Tillerson (left), US Secretary of Defense James Mattis (center), and US Chairman of the Joint Chiefs of Staff, US Marine Corps General Joseph Dunford (right) It may be that those who develop false and contemptuous reports about Tillerson on the Russia matter have no intention to do harm, but that benignancy is often difficult to detect. One could also view it as an effort to neutralize a senior member of the US diplomatic, political, military, and economic decision making apparatus.

With Trump’s Support, Tillerson Will Make His Mark

In Ulysses, Alfred Lloyd Tennyson wrote: “Though much is taken, much abides; and though We are not now that strength which in old days Moved earth and heaven,that which we are, we are, One equal temper of heroic hearts, Made weak by time and fate, but strong in will To strive, to seek, to find, and not to yield.” Ahead of this nascent period of the administration, into what may be the first of possibly two terms for Trump, Tillerson would like to introduce some considerable changes to the organization that he leads. The personal and working relationship between Trump and Tillerson will determine whether the Secretary of State will be able to execute an ambitious plan to revamp his department; a significant effort that will viewed as an important part of Trump’s legacy as president. Tillerson announced his plans to restructure the US organism for diplomacy during his May 3, 2017 presentation to the rank and file of the department in its Dean Acheson Auditorium. He explained his desire to make the department a more agile, collaborative workplace. It would become a more diverse landscape of ideas and solutions.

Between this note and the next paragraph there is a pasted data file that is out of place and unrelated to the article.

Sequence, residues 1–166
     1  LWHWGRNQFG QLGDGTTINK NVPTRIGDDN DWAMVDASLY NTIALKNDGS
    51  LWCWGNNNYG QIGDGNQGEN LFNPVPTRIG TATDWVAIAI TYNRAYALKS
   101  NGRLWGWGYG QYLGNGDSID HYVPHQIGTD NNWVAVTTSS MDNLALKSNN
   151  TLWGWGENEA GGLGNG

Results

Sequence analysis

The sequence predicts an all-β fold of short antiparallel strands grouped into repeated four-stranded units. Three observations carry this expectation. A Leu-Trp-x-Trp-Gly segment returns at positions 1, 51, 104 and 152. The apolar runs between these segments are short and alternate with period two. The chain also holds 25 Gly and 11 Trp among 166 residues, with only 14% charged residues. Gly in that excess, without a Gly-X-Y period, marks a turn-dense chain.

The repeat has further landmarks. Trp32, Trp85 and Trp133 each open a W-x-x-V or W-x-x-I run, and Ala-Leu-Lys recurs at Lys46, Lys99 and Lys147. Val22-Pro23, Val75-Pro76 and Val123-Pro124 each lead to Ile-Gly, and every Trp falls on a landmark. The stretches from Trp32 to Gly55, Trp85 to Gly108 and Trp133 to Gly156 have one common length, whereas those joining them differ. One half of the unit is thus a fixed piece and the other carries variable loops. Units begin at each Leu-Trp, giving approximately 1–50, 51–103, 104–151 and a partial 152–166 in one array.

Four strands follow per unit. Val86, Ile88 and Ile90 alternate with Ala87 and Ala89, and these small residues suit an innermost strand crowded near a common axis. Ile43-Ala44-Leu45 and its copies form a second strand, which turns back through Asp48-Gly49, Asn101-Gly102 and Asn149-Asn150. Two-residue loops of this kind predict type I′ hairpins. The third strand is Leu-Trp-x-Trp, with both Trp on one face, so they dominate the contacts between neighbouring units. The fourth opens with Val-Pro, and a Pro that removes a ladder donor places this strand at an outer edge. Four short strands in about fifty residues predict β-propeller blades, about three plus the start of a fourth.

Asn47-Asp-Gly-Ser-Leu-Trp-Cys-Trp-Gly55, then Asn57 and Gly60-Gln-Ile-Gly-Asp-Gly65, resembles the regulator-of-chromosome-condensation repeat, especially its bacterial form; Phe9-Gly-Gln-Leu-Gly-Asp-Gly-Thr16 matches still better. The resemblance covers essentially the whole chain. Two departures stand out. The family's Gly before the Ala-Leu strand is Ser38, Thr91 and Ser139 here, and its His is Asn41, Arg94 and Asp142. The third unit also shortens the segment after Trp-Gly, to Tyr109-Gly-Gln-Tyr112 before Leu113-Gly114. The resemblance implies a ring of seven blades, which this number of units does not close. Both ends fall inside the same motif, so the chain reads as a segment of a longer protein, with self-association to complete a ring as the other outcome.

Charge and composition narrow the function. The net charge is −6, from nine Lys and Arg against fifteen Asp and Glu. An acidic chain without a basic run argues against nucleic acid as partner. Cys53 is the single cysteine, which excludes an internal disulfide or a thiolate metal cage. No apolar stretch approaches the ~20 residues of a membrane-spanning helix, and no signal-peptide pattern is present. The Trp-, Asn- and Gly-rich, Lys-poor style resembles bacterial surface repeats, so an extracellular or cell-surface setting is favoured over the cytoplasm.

Tillerson remarked that the Department of State was the first cabinet created and chartered under the Constitution, and the Secretary of State was the first cabinet position chartered and created under the Constitution. He assured the department’s rank and file that during his tenure, they would carve out their increment of the department’s living history. Tillerson understands that in planning this transformation, he should not try make circumstances fit plans, but rather plans should be developed to fit circumstances. Tillerson explained that he had no preconceived notions of the outcome of this effort. He was not bringing a solution to the department. His plan is not to tear things down but craft ways to improve on what is already being done. Tillerson explained that once he acquired an understanding of how work is effectively done at the department and then put an organizational structure in place to support that process. Verum et factum convertuntur. (The true and the made are interchangeable. [One can know with certainty only what he has created himself.])